The most significant relationships in my life are my relationship with my wife and the relationships I have with each of my children. They are significant because of their depth, but also because of the God-given responsibility tied to each of them. As a husband, I am called to love my wife as Christ has loved His Bride and to wash her with the water of the Word, so that I might present her to Christ as pure and spotless (Eph. 5:25-27). And as a father, I am called to bring my children up in the discipline and instruction of the Lord (Eph. 6:4); to put before them the mighty deeds of God and point them to Jesus. Beyond my own personal responsibility to my family, as a pastor I am called to be a godly example in these realms and to call husbands and fathers to rise to the challenge given us in Scripture. There is joy but also soberness tied to all of these roles in my life, and I am constantly seeking to grow in my understanding of God’s calling on my life as a man.

I recently read through Mark Driscoll’s
Pastor Dad with a member of our church and found it to be a good resource in reminding me of these responsibilities I have been given, calling me to something beyond “surviving” fatherhood. For those familiar with Driscoll’s preaching style, the book follows the same vein of blunt and pithy commentary centered on God’s Word, which makes sense, given that it is the edited transcript of a message he preached at his church. The way he teaches is not for everyone, but I usually appreciate a timely bare-knuckled gut check, and Driscoll consistently delivers that. His almost patented rebuke of young men is also present and needed. And while he leaves little room for argument, his words provide significant fodder for discussion and much encouragement towards godly fatherhood.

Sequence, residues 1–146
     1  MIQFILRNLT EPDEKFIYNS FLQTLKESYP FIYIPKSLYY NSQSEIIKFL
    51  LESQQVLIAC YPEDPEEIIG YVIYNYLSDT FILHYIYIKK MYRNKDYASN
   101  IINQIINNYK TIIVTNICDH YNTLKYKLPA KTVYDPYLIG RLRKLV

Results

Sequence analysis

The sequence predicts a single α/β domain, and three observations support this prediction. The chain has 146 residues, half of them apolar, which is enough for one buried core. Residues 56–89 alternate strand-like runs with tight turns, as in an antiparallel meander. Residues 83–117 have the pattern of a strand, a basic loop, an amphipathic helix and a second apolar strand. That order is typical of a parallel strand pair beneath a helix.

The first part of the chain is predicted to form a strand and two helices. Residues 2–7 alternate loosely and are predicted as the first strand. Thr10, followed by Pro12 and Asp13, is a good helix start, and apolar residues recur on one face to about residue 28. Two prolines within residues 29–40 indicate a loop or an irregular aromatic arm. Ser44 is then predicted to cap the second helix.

As I reflect on Pastor Dad, which can easily be read in one or two sittings, certain encouragements that I needed come immediately to mind:

  • Focus on the future. Scripture points us as fathers to think beyond on own children to our grandchildren, and calls us to be an example in the present so that future generations will worship the God we do. My focus is often on getting through each day, or maybe the week, but I am called to consider how what I do now will cause my grandchildren to love Jesus.
  • Read and Memorize the Proverbs. Of the Scriptures cited in this small book, I’d estimate that 90% of them are from the book of Proverbs, and there is so much wisdom to be found there! I am encouraged afresh to read and memorize portions of this book of wisdom.
  • Delight in and Enjoy Your Kids. This is the lesson that rings most clearly in my ears. Before I can correct, protect, or lead my children, I must first find joy in them. I learned during the summer that I was a camp counselor that my personality will most often err on the side of discipline rather than grace. There is certainly a place for correction, and the book is clear on that, but I recognized in reading this book that I need to intentionally enjoy the time I spend with my kids. They are a blessing, not a burden, and I need to cultivate a spirit of joy and laughter in my home.
  • Bear the Name of Father Well. Driscoll sums this up well: “One of the highest compliments anyone has ever paid me came from my daughter Ashley, who at the age of four told me, ‘I’m very lucky to have two daddies. You are my daddy and God is my daddy.’ When she said that, I was struck by the incredible privilege of sharing the very honorable title of ‘father’ with God in the mind of my little girl. When God shares his name with us, it is a sacred matter that we must take very seriously.”

So read it online or print the pdf or order a copy and be challenged by this short book. May we fathers who name the name of Christ represent our heavenly Father well in the way we lead our families.